The right choice
Finding the right primary care physician for you is not always easy and it shouldn’t be taken lightly. It is one of the most important relationships you will ever have. This is the person who will monitor and direct all your care. You need to be sure. There are many factors to consider.
Dr. Julien J. Dedier, an internist at Boston Medical Center, says that teamwork and trust are essential for a successful doctor/patient relationship. (Photo courtesy of Boston Medical Center)
And that’s a good thing, according to Dedier.
While PCPs are still busy diagnosing and treating a litany of illnesses, gone are the days when paternalism ruled the medical approach. Health care is now more of a partnership.
“I’m part of a team,” he said. “They have to know that I am working on their behalf. My job is to know my patient and my patient’s overall health well enough to establish trust and confidence.”
For Dedier, that means being aware of more than just his patients’ height, weight and blood pressure levels. “I need to know the total picture,” he explained.
PCPs like Dedier are in high demand these days. According to the 2008 National Ambulatory Medical Care Survey, more than 60 percent of the 956 million physician office visits that year were for primary care.
That’s not unusual. Primary care — considered the portal of entry to the health care system — encompasses the greatest number of patients and provides the widest array of services. People flock to their doctors for colds, aches and pains, immunizations, screening tests and medication. Coughs that don’t abate, rashes that persevere, even broken bones all wind up in a doctor’s office or clinic.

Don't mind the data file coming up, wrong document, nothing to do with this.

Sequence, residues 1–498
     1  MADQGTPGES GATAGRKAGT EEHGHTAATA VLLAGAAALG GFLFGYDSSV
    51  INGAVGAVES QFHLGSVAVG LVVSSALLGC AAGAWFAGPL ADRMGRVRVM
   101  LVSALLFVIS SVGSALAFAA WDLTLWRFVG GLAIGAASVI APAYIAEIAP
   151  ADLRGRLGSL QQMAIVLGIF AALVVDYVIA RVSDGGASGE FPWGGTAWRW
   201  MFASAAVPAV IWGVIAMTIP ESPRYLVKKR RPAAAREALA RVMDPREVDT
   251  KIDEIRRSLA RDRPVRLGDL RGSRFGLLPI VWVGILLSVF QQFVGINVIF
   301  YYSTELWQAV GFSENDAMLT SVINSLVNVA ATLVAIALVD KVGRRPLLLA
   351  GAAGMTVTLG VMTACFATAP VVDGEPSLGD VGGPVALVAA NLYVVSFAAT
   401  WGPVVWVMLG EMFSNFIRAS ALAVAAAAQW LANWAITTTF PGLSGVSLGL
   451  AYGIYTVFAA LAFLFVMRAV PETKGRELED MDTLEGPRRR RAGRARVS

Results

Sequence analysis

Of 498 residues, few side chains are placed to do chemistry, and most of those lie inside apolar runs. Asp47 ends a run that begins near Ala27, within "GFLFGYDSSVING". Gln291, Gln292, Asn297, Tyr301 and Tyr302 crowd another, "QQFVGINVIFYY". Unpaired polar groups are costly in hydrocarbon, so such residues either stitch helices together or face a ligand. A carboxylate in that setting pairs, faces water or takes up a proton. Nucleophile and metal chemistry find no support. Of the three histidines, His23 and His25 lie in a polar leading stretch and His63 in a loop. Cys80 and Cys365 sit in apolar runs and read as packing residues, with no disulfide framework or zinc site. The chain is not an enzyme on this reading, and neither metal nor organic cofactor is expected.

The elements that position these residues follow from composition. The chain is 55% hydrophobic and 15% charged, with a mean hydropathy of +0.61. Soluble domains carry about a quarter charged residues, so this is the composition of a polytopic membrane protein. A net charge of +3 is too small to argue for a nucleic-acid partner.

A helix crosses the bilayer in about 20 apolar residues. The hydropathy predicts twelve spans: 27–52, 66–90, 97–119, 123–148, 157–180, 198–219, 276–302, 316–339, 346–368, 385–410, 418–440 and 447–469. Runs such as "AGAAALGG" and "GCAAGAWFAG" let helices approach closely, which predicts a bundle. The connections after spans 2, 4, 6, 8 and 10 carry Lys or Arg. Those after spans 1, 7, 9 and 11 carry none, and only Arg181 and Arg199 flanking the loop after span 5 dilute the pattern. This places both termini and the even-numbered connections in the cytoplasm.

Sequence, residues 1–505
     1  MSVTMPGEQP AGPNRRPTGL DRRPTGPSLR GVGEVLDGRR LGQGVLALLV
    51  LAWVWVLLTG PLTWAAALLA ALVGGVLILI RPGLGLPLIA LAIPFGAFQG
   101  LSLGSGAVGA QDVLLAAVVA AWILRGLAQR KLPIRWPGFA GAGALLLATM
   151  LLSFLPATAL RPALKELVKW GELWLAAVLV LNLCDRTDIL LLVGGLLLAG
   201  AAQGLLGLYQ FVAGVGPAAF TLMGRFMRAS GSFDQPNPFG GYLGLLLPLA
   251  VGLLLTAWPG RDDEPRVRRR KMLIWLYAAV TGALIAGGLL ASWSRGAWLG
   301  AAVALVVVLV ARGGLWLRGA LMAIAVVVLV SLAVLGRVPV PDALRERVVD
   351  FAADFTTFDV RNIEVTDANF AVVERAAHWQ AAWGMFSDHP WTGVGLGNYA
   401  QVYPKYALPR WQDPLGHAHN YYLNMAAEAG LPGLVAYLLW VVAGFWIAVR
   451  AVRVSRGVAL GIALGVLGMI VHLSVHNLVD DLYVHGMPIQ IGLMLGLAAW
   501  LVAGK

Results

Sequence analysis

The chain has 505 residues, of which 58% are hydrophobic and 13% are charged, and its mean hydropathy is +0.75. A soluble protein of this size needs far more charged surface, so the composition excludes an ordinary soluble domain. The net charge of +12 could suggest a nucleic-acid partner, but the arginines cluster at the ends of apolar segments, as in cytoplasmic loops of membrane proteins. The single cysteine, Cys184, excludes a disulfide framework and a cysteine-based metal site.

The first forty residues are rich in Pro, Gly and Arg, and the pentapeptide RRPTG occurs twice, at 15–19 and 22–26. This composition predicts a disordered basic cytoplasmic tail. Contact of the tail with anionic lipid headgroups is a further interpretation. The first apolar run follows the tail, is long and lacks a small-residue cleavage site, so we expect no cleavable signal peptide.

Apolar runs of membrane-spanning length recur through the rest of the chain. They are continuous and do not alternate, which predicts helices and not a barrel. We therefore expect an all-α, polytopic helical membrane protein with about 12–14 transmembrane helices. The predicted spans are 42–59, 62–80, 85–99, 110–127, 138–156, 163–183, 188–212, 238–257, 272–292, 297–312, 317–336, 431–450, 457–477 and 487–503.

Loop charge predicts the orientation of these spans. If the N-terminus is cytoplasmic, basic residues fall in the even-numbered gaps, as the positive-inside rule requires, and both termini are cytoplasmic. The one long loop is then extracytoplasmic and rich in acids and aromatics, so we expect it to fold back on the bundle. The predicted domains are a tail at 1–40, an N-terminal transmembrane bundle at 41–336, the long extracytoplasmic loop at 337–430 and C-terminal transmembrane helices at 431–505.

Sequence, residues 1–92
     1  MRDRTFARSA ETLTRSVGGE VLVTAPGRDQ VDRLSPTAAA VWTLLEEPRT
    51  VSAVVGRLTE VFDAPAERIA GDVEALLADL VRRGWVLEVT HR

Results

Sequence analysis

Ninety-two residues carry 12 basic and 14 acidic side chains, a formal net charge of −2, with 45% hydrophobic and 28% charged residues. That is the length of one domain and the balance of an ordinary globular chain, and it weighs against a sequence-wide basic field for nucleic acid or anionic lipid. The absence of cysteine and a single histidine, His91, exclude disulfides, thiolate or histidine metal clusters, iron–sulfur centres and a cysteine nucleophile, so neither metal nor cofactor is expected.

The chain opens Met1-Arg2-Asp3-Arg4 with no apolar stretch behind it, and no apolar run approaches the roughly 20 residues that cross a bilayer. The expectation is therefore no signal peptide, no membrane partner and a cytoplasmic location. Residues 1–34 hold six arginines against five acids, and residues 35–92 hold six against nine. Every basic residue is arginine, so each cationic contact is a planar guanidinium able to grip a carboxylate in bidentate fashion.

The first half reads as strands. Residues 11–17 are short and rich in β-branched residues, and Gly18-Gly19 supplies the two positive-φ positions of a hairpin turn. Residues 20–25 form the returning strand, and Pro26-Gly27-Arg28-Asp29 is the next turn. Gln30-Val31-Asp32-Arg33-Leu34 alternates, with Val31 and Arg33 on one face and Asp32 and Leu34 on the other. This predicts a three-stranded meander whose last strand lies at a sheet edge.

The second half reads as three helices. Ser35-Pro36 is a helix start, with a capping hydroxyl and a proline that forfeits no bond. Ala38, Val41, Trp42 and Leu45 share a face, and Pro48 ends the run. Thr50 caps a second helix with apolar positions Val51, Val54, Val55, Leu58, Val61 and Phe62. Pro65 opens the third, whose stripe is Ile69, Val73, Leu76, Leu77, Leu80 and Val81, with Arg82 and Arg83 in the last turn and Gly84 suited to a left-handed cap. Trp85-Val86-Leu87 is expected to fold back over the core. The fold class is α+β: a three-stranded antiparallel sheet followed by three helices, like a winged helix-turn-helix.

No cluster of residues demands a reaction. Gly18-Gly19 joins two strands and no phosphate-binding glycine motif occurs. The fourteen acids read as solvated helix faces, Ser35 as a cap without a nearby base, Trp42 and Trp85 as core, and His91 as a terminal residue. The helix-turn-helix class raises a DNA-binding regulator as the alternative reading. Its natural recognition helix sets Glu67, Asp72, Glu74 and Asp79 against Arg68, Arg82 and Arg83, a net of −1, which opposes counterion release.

PCPs have their hands full. They diagnose everything from high blood pressure to diabetes to cardiovascular diseases and make referrals to other providers. In a sense, PCPs are CEOs, having the overall responsibility of managing their patients’ total care.
But the biggest job, at least according to Dedier, is to listen and pay attention.
The PCP needs to know, for instance, why a person shuns flu shots or refuses to take medication for an illness when he or she feels fine. “I have to understand where my patient is coming from and take each concern seriously,” he said.
Dedier demands one thing in return from his patients. “Honesty,” he said. “I want patients to feel comfortable telling me what they have or haven’t done. My role is to help them improve their health.”